How Team Spirit Contributes to Better Care


There's something infectious about team spirit -- and it's a quality that can influence doctor, patient, and patient's family alike when there's a medical emergency.

Approaching a loved one's hospitalization or other medical emergency with a team mind-set can help you feel more empowered, less alone. The approach can bolster the spirits of the patient who senses this camaraderie, too. And it doesn't go unnoticed by the medical staff, who, in turn, view themselves less as lone-ranger saviors and more as part of a group effort.

Some ways to adopt a team approach to care:

Refer to yourselves as a team. Introduce yourselves to staff as "part of Dad's team." Or just use that kind of language informally to nursing staff and one another. You don't have to go as far as some families and make special T-shirts, but consider placing a sign in the hospital room: "Team Marvin."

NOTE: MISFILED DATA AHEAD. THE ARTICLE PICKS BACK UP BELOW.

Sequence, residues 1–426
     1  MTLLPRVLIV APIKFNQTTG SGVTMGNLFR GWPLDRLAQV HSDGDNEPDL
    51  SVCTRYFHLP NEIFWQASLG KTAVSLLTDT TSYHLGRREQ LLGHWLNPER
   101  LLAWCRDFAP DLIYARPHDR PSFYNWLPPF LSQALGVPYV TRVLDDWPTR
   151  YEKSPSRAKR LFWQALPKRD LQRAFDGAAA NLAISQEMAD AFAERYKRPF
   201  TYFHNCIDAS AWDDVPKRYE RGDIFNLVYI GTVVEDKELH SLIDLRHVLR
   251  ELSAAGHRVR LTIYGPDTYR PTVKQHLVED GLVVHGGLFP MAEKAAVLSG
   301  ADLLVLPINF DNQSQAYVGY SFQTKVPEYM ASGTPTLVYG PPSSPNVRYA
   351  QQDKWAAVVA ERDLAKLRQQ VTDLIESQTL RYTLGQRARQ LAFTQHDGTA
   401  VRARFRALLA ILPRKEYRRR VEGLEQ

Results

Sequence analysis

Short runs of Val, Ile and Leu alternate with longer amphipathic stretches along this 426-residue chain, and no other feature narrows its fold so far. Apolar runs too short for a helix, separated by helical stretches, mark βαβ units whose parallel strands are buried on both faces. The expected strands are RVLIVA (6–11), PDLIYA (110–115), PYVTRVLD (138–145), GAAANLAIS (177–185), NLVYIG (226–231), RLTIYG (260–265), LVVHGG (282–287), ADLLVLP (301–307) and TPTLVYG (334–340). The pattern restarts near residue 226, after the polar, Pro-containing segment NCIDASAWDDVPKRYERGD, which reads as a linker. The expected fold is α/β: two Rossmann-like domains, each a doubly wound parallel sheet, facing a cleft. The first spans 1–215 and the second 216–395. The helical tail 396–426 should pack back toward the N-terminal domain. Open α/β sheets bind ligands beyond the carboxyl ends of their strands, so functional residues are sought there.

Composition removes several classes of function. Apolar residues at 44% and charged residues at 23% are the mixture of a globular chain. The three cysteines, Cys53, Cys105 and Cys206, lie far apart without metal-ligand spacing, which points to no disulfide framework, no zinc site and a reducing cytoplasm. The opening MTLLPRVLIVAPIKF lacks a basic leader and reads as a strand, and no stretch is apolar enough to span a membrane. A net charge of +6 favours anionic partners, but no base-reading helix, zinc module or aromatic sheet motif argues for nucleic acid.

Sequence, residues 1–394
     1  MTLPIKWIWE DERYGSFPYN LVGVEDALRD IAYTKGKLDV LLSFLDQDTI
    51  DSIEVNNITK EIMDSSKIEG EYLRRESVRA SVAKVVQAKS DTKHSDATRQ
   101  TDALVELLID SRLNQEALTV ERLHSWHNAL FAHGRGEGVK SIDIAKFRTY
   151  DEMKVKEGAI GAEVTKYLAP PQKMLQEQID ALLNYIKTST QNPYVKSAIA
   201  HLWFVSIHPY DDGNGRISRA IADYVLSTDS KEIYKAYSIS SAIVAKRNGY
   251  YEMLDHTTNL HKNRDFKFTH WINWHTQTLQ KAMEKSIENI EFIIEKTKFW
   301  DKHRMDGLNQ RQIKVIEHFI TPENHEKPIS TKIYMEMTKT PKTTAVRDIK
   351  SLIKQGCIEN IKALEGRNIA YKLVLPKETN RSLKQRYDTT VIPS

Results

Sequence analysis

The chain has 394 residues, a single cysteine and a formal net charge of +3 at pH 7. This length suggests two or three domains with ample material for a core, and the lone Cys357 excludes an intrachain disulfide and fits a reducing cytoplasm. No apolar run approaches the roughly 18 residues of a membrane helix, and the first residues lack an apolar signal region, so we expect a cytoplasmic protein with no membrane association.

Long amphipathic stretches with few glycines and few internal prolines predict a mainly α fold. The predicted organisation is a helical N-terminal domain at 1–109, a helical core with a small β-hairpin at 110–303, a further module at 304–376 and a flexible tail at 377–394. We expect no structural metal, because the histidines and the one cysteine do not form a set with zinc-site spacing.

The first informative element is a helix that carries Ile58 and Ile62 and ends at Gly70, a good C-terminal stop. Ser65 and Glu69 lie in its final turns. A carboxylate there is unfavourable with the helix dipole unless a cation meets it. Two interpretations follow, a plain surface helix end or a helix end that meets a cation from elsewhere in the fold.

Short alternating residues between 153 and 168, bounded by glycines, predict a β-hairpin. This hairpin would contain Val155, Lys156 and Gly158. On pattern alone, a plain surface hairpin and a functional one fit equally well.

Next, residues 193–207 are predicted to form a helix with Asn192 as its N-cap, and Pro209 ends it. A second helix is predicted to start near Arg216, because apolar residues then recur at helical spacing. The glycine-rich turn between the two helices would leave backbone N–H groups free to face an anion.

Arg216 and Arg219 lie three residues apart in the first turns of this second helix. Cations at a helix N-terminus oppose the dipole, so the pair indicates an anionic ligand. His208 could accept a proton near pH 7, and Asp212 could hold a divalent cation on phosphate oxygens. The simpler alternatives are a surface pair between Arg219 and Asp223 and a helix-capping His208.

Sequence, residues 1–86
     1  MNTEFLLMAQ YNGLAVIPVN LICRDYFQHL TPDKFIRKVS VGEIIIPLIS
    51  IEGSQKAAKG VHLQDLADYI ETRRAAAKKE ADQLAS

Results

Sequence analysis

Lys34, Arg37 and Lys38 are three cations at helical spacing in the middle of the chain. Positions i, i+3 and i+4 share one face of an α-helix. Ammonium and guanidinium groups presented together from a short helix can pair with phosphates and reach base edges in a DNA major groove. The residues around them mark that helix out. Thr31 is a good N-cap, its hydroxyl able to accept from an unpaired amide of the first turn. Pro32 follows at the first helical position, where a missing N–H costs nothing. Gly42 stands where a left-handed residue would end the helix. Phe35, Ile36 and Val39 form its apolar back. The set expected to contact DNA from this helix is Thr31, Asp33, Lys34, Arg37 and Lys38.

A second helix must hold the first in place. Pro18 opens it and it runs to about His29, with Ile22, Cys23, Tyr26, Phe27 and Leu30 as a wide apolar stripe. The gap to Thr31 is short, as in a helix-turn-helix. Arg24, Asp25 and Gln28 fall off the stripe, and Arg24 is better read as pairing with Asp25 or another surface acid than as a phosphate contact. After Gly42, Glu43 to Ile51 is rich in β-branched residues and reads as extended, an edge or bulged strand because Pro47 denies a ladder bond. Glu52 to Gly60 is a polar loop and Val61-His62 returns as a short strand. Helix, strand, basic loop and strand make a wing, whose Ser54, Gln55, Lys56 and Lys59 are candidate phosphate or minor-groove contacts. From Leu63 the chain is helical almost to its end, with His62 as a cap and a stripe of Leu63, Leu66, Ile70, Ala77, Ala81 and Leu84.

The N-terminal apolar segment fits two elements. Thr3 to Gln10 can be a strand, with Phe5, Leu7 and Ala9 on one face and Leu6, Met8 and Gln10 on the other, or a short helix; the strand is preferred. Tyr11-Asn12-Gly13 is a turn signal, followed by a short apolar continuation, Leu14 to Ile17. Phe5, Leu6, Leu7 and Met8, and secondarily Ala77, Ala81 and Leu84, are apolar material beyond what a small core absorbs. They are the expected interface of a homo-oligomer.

Join in when doctors confer. It's OK to stand conspicuously in the group of doctors discussing your loved one's case, with your notepad in hand. You may be able to add insights that only a family member or someone who's been continuously at the person's side would notice. And you'll be communicating to medical staff that you're an active part of the process of caring for your loved one.

Be there when doctors make rounds. Find out when the doctors involved in your loved one's care come by each day, and make a point of being there. Making your presence known can translate to better care.

Refer to the team effort in your thank-you notes. Let nurses and doctors know you considered them part of a community of care.

over 5 years ago, said...

The team plan was how we handled and cared for my husband these past two years. As his spouse I tried to listen and learn what the doctors were saying; the actions they were recommending. I think I came across as sincere, and intuity to his situation. It was quite evident that two of his sons and their wives were in partnership with me. With my focusing on what was being said kept me calm and clear headed. Now, we are doing it again with the Hospice Team. He has been under their care for 4 weeks. I would sincerely recommend this approach. Thanks for a very insightful article.

over 5 years ago, said...

I've done these things many, many times over the years...and they work!